The following day, Mr. Ajay, the friendly and helpful manager (a brilliant supervisor of the two-decade renovation and ongoing design of the hotel) proposed that I might like to climb the 750 steps to the top at sunset.
“You can view the whole region and see much of Rajasthan,” he noted.
And so, around 5.30pm, I set off with Lala Ram, who carried water, a Thermos of tea, and a few cookies in his backpack.
Some years ago, concrete steps were laid, zigzagging across the east side of the mountain, past shrines to Durga (the goddess of destruction) and cave shrines to various local goddesses, as well as a temple near the top.
Up and ever upwards we climbed, until suddenly we were on the curved shimmering crest, with vistas in all directions. Over to the west a 14th century fort scrambled across a rocky hill, and far down below was the hotel, its swimming pool glinting in the late afternoon light.
The sun, glowing in a golden haze, cast shadows across the landscape. I sipped Earl Grey tea and gazed off into the distance.
My guide suggested stopping at the temple on the way down. It was situated in a crevice, a natural catchment for fresh water.
I slipped off my shoes when we arrive there, just the two of us. My guide, who lives in Narlai, lit some tapers in a smoky niche of a Durga shrine. He passed his hands over the flames and then waved his palms over his head, across his chest and his body.
“Purification,” he said. “Here, do it.”
I quickly, without thinking, passed my hands over the leaping flames, palms down, and gestured over my head, my heart, and again above my head.
Just at that point, the orange-garbed priest entered the shrine. He rang a ceiling bell (to awake the spirits), chanted, and banged on a large drum.
I stood quietly, taking it in, listening, seeing, smiling.
I asked my guide if I should leave some money for the priest. “It’s not necessary,” he said. I put my hand in my small shoulder bag and took out some rupees. I left them discreetly beside the drum.
We headed down the mountain as dusk fell on the hillside and arrived back at the hotel in darkness. A tribal group were singing of love and beauty, loss and longing, accompanied by flutes, table, and a harmonium.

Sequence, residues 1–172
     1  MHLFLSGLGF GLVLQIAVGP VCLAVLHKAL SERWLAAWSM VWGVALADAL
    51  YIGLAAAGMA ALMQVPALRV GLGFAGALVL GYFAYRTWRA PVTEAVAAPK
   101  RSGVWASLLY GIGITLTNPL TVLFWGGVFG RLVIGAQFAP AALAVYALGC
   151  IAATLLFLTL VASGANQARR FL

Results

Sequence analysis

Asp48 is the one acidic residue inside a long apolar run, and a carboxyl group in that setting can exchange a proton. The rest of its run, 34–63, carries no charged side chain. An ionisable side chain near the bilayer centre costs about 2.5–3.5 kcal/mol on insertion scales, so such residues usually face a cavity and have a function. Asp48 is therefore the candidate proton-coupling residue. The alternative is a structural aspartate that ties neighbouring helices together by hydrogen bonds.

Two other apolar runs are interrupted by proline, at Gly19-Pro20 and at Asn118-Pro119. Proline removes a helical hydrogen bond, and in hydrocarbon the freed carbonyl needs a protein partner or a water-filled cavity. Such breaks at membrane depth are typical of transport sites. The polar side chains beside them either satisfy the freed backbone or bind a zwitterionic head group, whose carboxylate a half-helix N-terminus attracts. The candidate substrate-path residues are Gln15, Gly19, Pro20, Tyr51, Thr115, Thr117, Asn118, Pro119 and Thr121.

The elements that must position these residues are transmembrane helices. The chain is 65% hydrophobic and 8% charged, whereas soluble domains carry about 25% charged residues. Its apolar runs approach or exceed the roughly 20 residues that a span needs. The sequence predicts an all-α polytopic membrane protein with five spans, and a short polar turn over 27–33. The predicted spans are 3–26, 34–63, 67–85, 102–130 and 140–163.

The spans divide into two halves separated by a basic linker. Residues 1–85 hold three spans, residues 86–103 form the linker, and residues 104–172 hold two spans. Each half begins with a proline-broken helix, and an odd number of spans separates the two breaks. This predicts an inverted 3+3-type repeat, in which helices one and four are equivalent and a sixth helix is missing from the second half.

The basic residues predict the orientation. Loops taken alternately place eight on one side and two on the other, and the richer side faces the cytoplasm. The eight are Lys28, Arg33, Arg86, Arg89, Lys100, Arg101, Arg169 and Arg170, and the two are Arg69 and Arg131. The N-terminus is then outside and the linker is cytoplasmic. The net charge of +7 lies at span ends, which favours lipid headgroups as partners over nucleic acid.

“Time and the Universe: Fundamental to Hindu concepts of time and space is the notion that the external world is a product of the creative play of illusion. Accordingly, the world as we know it is not solid and real but illusory. The universe is in constant flux. Time, past and present, is endless.” – Richard Waterstone, 'India The Cultural Companion’ published in 1985, MacMillan, London
An Evening Excursion
I travel very independently, and keep a very low profile. I have my own driver, find guides who are experts on the local culture, on architecture and history and the arts of the region. When I’m traveling, I love to see my friends and I arrange to visit academics, curator, and experts in fields relating to architecture and design. I seldom encounter non-Indian travelers when I’m traversing remote regions or walking, with no sense of déjà vu, into the painted rooms of moghuls or into a fusty palace that’s been closed up for fifty years.
But at Rawla Narlai, things were rather more impromptu. I happily accepted an invitation to take part in the hotel’s nightly Stepwell Dinner. We would travel beyond the village environs to a private garden preserve and the 17th-century stepwell. Stepwells are traditional Indian structure carved from the earth, like an inverted temple, to capture and save water in the rainy season. Stepwells, thanks to the importance of water, are also a place of powerful religious significance and have the formal architecture and significance of a temple.
We had to wait for the bullock carts. It turns out that during the way, the hearty bullocks are working in the fields and they had to be fed and watered and groomed after a hard day.
At the portal of the hotel, we climbed up onto the hand-carved cart, folk art, really, arrayed in hand-woven cottons. Some guest wore saris and turbans.
We bumped and jostled along the cobblestones, and finally disappeared into total darkness at the edge of the village. Above, in the dark sky, we could see the Pleiades, the sacred oxen, and I think I saw the Southern Cross (as you know, I grew up in New Zealand.) Orion? I'm traveling in the spheres.
It was a magical and charming evening. Two witty French couples and four adventurous English ladies, and Ellie, a young English student who was working as an intern at the hotel, settled in on four large sofas to listen to the flute.
We sipped white wine, and lime sodas, as the local musician seated in the stepwell created a mysterious atmosphere. I recall dinner, candles flickering, hours of laughter and delight.
Narlai Village Encounters
One morning, I set out with the hotel’s assistant manager, who lived with his family in Narlai, for an impromptu Narlai ramble.
While the community is primarily focused on farming arable fields surrounding the village, one of the locals told me that earlier generations had moved to Mumbai, become highly successful in business, and noq embellish their houses here and keep emotional ties to the town. They return for religious ceremonies and annual celebrations at the many Hindu temples that ornament the village with flag-draped shrines, turrets and spires.
In Narlai, I walked over to the charming village school to offer boxes of pens and pencils and pens to the teachers and pupils.
When I arrived, the eight-year-olds were sitting on the verandah, all neatly scrubbed, hair gleaming, bright blue shirts neat and ship-shape.